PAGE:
Everything you need to know about exposure compensation when using a polarizing filter.
Words and Photography by Urth HQ
Polarizing filters (both linear and circular polarizing filters) stop linearly polarized light from entering a camera lens. By filtering out this light, polarizing lens filters help eliminate reflections and haze from your photos. They also increase the contrast and color saturation of certain objects such as blue skies, foliage, or a smooth water surface.
The density of light that enters a camera is measured in f-stops, with each stop number representing a doubling or halving of light. A large aperture such as f/2.0 will let more light into the camera, compared to a smaller aperture, like f/11.0, which blocks out more light.
If you want to understand more about how f-stops, we’ve written a quick guide to f-stops.
How Much Light Do Polarizing Filters Cut?
Polarizing filters cut out the equivalent of around 1.3 f-stops of light, which means if you’ve got a polarizing filter on you’d need to compensate for 1.3 f-stops of light by adjusting your shutter speed, aperture setting, or ISO to get the same exposure.
An easy way to see the difference is by going into aperture priority mode on digital cameras and checking out the shutter speed reading before and after you put the polarizing filter on. This should give you an indication of the difference in light exposure. Sometimes having the auto focus on can affect the reading, so it’s best to keep your lens on manual focus for this test, especially if you’re not using a tripod.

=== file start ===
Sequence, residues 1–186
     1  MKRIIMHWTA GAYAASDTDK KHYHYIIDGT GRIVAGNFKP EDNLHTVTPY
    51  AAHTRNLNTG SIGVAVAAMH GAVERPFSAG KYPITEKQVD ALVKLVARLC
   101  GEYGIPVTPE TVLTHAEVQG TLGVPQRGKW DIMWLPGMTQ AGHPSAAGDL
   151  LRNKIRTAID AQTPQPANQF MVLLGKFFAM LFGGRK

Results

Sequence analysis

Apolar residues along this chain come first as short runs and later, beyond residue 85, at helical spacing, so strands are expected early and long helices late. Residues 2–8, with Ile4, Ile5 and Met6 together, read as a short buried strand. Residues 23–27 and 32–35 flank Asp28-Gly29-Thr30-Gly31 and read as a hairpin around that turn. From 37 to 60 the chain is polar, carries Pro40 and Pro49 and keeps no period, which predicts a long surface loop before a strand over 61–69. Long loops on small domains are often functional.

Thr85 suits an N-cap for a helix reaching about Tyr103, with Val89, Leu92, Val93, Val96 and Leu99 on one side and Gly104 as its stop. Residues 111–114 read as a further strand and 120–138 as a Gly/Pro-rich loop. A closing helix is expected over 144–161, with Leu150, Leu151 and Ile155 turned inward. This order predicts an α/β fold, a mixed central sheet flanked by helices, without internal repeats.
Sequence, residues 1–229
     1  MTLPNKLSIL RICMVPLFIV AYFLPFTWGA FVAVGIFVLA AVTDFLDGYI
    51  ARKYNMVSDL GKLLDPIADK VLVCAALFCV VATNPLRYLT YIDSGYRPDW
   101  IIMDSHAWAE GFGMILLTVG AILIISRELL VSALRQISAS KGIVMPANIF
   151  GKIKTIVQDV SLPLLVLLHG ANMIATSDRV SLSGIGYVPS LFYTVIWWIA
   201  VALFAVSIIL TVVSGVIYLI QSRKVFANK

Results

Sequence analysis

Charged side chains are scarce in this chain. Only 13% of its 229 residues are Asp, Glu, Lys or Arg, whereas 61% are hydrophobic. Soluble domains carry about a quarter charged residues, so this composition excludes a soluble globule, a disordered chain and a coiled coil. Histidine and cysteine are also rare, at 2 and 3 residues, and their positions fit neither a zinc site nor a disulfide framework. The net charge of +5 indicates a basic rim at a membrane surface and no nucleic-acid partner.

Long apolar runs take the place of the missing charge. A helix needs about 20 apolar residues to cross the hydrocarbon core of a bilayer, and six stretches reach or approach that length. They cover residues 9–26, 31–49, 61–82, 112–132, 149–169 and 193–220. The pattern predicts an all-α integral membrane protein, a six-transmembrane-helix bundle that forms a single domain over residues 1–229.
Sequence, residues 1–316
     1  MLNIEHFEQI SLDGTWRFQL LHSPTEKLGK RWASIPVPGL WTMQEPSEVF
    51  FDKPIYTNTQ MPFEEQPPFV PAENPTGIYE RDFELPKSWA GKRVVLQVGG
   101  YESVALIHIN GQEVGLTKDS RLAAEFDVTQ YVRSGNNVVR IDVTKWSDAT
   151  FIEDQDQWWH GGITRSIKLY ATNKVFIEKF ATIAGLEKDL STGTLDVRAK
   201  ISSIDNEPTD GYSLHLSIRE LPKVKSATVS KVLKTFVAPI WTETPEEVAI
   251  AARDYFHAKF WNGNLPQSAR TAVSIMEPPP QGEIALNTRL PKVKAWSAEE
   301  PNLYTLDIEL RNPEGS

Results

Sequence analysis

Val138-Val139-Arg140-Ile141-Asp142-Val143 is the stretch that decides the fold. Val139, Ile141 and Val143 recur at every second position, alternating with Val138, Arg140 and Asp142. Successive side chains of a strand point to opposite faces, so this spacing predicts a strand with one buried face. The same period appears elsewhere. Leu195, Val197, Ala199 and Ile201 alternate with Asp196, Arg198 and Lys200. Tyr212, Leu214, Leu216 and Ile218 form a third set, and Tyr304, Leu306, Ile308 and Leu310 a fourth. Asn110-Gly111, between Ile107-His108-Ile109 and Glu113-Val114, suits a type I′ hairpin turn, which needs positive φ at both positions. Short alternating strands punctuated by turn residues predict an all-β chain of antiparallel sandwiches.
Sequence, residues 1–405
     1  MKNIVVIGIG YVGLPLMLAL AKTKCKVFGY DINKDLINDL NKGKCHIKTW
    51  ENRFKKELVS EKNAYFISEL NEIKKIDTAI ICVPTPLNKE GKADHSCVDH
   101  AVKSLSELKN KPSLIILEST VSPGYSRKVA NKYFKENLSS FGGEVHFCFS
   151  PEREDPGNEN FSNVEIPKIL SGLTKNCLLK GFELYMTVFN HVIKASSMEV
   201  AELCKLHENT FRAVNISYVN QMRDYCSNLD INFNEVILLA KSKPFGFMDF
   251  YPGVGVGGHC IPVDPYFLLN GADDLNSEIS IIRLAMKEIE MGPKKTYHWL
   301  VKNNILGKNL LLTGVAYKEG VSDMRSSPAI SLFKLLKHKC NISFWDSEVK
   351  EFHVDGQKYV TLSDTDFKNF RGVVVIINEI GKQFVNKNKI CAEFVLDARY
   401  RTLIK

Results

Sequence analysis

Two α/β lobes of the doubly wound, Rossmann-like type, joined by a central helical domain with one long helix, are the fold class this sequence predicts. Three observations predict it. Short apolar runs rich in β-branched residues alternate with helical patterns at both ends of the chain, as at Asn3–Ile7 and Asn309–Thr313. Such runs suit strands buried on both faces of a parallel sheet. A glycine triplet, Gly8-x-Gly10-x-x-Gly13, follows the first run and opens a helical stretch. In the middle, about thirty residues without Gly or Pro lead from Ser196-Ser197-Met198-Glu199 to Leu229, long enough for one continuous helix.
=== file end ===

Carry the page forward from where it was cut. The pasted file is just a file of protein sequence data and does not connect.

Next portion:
Although 1.3 f-stops is the average amount of light a polarizing filter blocks, this can vary according to the scene and your position relative to the light waves coming from your light source. The average is slightly different between linear polarizers and circular polarizers. You can learn more about the difference between linear polarizers and circular polarizers here.
How to Adjust the Amount of Light Cut
When you rotate linear polarizing filters, you also adjust how much of the light reflected you can block out. The maximum polarization effect is achieved when the lens is pointed at 90 degrees to the sun or light source, and can sometimes be affected by your depth of field.
To achieve this, make an L shape with your first finger and thumb, pointing the thumb at the sun or light source. Where your pointer finger rests will indicate where the polarizer has the optimum impact. Of course, this doesn’t always work for every scenario, especially if you use a wide-angle lens, so take it (literally) as a general rule of thumb!
If you’ve been thinking about picking up your first polarizing filter, have a look at Urth’s line of polarizing filters, all made with premium optical glass and guaranteed to help take your photography to the next level.